Have you ever wondered how a gigantic bike expo comes together? How the vendors load their trucks, set up their booths and get ready for massive crowded? Well, I’m here to tell you all about it. Getting ready to attend the 2014 mt. bike race season opener has been quite the ordeal. To make a long story longer, read on…
Four Months to Prepare
Flash back four months ago when I submitted a vendor registration application to bring Planet X USA (plus Titus and On-One) from Portland to California for the gigantic Sea Otter Classic. Being full of excitement and optimism, I began a note book of items we’d need, which bikes were coming for the ride and who from the company would be making the 12 1/2 hour haul from rainy Portland to semi-cloudy (but DRY) Monterey, California. I scribbled away in the notebook, planning the adventure. The phone rang and my day went on like any other weekday at Planet X USA. “Planet X Bikes, this is Vince, How can I help you?”
Where Did The Time Go?
But somehow, those four months turned into six weeks in no time flat. Our UK affiliates had been working on new graphics for tents, or so I thought. New bikes??? Still in pre-production stages, not yet able to ship out. Current demo fleet?? Looking haggard and beat… New buzz around a recent acquisition, Viner Bicycles, and the sponsorship of a Pro team… Titus having some models reworked… On-One discontinuing some models, New versions of older models coming out. There was lots to keep up with and info was trickling in. Crap! Sea Otter is in 2 weeks! Aaauuuggghhh!!!!!
Things are Looking Up
I received an email with a list of bicycle frames, components, etc that is being shipped from “Mum and Dad” in the UK.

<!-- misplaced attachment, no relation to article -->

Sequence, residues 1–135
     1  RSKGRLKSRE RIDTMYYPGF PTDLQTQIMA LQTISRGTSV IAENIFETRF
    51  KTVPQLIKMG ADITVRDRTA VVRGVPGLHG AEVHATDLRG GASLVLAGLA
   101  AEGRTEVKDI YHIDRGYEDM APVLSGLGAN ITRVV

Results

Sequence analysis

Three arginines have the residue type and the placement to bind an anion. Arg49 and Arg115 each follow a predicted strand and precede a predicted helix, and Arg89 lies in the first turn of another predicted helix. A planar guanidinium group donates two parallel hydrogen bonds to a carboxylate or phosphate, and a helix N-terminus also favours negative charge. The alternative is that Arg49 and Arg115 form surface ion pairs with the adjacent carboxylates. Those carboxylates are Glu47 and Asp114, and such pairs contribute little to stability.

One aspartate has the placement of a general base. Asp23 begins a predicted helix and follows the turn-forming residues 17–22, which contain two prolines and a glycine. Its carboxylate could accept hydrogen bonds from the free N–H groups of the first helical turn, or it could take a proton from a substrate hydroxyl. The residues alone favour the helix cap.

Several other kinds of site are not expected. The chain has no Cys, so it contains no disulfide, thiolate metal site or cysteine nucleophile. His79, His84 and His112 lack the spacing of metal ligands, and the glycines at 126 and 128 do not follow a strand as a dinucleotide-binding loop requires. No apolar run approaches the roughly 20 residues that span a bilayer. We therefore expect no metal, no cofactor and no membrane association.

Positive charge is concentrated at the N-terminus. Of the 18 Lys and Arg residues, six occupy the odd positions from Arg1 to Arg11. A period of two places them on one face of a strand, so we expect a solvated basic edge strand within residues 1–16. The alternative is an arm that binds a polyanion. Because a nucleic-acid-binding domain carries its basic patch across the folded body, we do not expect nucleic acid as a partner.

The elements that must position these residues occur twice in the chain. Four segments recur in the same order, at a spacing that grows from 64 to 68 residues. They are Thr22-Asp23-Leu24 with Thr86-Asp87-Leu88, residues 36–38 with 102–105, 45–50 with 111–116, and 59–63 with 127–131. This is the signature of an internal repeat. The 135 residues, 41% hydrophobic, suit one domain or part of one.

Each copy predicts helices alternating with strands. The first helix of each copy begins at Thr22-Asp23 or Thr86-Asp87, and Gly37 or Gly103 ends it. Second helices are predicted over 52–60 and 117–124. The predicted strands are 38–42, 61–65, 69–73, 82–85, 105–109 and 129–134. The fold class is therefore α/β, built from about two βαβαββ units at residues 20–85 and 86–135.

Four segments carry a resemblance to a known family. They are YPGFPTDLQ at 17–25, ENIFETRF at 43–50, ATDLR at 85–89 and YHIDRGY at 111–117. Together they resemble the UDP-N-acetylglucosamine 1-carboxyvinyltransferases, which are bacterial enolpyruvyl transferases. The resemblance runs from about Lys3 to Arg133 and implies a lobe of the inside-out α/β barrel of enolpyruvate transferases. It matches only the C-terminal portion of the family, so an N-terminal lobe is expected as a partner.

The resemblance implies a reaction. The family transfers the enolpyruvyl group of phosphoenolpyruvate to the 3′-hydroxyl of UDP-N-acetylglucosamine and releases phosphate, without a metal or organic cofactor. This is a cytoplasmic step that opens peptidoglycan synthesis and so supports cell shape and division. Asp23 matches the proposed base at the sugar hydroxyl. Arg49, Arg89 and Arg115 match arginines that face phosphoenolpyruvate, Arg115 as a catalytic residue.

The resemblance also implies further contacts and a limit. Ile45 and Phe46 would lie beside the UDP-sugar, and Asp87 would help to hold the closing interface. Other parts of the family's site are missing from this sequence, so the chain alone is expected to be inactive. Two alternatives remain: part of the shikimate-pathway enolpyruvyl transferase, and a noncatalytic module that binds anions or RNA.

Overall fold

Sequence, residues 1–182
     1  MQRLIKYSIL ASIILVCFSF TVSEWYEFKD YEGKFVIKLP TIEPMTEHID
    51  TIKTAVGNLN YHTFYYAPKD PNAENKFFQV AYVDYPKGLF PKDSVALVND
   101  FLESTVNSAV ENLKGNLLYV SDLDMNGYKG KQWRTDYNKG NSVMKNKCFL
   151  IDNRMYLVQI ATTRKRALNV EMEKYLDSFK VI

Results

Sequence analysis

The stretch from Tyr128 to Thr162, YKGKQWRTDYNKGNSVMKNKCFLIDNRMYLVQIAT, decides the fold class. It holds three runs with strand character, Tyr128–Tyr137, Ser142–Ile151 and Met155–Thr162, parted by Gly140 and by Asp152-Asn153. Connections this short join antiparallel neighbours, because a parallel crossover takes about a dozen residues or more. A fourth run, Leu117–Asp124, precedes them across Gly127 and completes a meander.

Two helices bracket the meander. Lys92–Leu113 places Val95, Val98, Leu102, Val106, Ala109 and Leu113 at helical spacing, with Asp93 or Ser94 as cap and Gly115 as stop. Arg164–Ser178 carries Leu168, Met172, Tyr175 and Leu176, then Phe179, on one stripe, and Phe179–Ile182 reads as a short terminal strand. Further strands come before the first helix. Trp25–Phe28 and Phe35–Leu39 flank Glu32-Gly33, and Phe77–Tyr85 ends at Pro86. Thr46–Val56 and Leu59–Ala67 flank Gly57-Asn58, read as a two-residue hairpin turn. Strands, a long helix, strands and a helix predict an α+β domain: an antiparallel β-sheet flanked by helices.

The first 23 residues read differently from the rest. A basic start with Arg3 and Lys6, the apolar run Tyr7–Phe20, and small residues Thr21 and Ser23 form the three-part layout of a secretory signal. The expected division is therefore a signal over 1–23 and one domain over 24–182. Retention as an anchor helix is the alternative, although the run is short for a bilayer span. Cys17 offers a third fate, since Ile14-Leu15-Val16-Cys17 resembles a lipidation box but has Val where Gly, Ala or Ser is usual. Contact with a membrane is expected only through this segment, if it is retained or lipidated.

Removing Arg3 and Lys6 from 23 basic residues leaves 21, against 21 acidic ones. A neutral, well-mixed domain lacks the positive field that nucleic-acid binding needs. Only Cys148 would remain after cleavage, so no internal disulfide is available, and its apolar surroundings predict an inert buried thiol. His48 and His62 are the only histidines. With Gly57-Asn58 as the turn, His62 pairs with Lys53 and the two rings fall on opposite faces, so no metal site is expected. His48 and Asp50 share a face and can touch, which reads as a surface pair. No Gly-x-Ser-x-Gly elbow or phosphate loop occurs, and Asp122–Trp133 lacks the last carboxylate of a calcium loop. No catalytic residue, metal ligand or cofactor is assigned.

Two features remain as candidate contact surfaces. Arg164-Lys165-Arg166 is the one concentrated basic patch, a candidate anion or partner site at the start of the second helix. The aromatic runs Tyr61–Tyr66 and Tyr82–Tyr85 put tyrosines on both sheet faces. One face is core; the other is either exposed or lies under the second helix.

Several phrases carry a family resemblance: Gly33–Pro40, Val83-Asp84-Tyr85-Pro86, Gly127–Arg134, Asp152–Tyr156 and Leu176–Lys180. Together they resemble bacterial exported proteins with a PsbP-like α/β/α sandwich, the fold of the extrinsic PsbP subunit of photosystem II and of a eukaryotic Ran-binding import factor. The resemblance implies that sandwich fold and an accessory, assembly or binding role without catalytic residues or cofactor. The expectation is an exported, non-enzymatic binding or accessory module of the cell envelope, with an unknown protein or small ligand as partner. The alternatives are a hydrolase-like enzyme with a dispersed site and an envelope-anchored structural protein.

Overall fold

Sweet! They hand picked our exhibit models for the three day expo and were making my job easy. Excellent! I can build bikes in my sleep, so that’s not a problem. Things are starting to look up.
The Department of U.S. Customs.
Just when things I felt like I was back on track, wat should have been a 24 hour delay turned into a 72 hour delay. Our product was held up in customs for an extra few hours which equated to an additional day lost. Standard delivery got rescheduled to a Saturday delivery, but I’ll take what I can get.
Or, rather, can’t get.
My cell phone rang as I was heading to my sons’ Saturday morning soccer match. “Hello, Vince? Yeah, that truck that was supposed to arrive at your warehouse in half an hour… Well… It’s still sitting in Seattle. In a warehouse. Without a driver. And…the warehouse doors are locked until Monday morning.”
Remember way up at the top of this little rant… When I marveled at how much I could do in four months? That massive chunk of time had now been whittled down to 36 very nerve-wracking hours. At the very least I would have had a full weekend to arrange for various employees to come in as they were able and knock out a bike here and there and have time to methodically load our truck and trailer for the 12-1/2 hour drive south.
Tuhn, Tuhn, Tuuuuuhnnnnnnnn!
As I type this, I’m waiting for that delivery truck to arrive. Salivating. Anxious to jump into a flurry of carbon, aluminum, steel, cartridge bearings, derailleurs, cables, grease and rubber.
The bike industry can be quite exciting!
All I can say for now is … TO BE CONTINUED….